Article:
I was once awarded a Certificate of Humility.
I’ll bet you can’t say that. In fact, I may well be the only person on the face of the planet to have one.
You probably wonder how one earns a Certificate of Humility. So let me, with all humility, tell you how I earned mine.
A long time ago, in a Georgia far, far away, I was one participant in a group of six pastors who met from time to time. This was during a time when the Georgia Baptist Convention, of which all the churches we pastored were members, was undergoing either a “conservative resurgence” or a “fundamentalist takeover” (which it was depended on your vantage point. It was the latter, but I digress).
Baptist pastor meetings weren’t unusual during those days. Pastors from both “sides” would meet to pray for the future of the convention, which they left in God’s hands—right after they had done all of the plotting and planning they could do to ensure their side had more votes at the next annual meeting than the other side did—you know, just to help God out. I confess to having participated in a meeting or two of that sort before some pretty serious spiritual nausea got in the way.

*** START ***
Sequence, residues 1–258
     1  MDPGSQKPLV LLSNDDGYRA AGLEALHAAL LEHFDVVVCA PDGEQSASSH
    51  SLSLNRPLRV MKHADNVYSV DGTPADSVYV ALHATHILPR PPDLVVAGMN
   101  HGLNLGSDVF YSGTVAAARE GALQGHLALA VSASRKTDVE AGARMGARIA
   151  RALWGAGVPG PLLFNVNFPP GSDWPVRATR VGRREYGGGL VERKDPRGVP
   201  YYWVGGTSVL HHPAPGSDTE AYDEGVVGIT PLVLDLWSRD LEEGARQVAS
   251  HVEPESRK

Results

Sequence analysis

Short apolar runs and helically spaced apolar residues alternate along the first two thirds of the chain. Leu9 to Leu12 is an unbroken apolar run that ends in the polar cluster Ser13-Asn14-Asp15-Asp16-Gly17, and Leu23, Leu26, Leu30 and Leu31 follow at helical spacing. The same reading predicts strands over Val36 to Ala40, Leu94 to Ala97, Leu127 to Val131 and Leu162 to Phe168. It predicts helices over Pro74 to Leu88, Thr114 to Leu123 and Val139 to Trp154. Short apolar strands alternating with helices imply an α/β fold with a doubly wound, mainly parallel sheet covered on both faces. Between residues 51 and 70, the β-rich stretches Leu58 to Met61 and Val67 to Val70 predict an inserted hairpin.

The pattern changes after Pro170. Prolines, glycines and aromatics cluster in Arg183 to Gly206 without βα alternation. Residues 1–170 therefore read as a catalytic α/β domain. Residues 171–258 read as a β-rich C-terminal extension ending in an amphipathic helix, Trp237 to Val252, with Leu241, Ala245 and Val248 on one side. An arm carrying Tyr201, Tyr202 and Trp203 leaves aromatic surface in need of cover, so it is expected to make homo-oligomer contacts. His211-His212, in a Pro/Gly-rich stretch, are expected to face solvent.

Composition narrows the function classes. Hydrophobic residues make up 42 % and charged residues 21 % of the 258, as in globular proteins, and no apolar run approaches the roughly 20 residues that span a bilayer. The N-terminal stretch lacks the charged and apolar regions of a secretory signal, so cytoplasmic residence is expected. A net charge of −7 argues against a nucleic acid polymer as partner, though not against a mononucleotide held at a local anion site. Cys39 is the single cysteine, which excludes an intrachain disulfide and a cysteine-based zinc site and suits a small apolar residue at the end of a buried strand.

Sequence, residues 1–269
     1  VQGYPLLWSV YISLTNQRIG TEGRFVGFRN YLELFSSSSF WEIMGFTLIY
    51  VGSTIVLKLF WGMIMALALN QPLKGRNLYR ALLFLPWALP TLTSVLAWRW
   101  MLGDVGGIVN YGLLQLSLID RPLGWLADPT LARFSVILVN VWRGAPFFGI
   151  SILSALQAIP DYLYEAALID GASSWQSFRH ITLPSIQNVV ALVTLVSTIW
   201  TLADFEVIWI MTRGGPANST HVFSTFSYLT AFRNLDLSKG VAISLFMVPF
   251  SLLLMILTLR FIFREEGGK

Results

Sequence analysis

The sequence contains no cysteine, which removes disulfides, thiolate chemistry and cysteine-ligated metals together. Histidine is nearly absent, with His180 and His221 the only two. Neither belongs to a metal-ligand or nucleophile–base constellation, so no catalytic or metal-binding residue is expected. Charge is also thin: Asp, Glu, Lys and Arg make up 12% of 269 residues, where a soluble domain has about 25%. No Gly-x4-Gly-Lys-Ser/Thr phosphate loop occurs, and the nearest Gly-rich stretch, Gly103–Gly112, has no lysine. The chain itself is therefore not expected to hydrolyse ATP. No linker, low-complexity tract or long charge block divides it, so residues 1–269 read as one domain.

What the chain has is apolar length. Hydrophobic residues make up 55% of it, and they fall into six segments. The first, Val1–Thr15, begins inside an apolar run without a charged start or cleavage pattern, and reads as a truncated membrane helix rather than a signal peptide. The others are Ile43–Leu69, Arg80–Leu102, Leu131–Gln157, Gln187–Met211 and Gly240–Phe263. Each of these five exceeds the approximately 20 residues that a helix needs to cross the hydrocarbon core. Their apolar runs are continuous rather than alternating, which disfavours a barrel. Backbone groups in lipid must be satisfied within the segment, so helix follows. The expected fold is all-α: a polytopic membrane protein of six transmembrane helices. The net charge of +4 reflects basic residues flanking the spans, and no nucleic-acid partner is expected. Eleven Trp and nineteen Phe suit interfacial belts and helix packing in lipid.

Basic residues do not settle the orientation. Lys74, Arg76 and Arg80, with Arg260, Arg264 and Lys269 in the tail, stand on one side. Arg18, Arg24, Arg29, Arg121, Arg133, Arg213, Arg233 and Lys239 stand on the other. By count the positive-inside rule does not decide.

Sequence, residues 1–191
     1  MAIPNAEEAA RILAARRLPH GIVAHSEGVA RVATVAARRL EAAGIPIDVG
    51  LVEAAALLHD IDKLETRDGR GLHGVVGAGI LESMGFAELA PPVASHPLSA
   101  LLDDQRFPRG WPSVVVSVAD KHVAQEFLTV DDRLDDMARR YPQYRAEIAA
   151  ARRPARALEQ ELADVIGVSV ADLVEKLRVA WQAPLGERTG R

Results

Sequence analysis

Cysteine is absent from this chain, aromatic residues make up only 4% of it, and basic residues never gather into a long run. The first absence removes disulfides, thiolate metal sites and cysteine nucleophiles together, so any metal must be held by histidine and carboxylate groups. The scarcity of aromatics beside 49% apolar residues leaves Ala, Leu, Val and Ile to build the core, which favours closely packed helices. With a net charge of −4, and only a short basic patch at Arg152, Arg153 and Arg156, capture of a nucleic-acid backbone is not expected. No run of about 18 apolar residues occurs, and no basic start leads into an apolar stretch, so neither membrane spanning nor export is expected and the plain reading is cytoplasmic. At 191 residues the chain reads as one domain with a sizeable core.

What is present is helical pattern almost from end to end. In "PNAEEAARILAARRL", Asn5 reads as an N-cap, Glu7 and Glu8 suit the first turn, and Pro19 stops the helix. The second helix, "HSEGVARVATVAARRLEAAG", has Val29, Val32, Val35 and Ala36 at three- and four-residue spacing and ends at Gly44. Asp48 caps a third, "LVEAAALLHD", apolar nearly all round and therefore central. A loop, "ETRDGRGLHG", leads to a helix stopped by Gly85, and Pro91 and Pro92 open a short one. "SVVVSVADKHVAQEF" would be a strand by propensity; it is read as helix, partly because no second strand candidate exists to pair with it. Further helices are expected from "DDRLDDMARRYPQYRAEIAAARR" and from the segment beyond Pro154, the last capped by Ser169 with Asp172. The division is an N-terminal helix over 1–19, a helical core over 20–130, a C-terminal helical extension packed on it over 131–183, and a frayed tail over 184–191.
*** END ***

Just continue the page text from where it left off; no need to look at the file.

The group of six about which I’m telling you was different. We saw it as our mission to try to find ways to help the convention develop and maintain a more Christian approach to the matters at hand. We wanted to lead the convention to be more Christ-like in our attitudes and actions. We called ourselves the “Guardians of Humility.”
In our pursuit of humility, we maintained a sense of humor.
As I was preparing to leave Georgia in the summer of 1993 to become a college professor (at a cut in salary, I might add, thereby further proving my humility), I met with the Guardians one last time. It was at that farewell session that my fellow Guardians presented me with my Certificate of Humility. My humility won’t allow me to share with you everything the certificate says about me. I will tell you that it describes me as “a modest, though faithful, peaceful, though assertive, gentle, though aggressive, modest, though clever, humble servant of our Lord Jesus Christ.”
As Brother Johnny Cash sang in his hymn “A Boy Named Sue,” “What could I do? What could I do?”
So I did the only thing I could do. I kept my Certificate of Humility, my unique prize, hidden away in drawers and boxes for the next twenty-two years.
Now I have given up the spotlight of the pastorate and all the adulation that comes with it. I have traded all of that power and fame for the lonely, quiet, monk-like life of an editor whose only job is to work my mind, spirit, and fingers to the point of exhaustion to provide quality Bible study materials for thousands of people, most of whom I’ll never meet. (You know, when you stop and think about it, it was really a rather humble thing to do.)
And I have hung my Certificate of Humility on the wall of my little office.
It’s ok, though. Nobody but my coworkers ever comes in here anyway. They already know how humble I am, and they’re proud of me for it . . .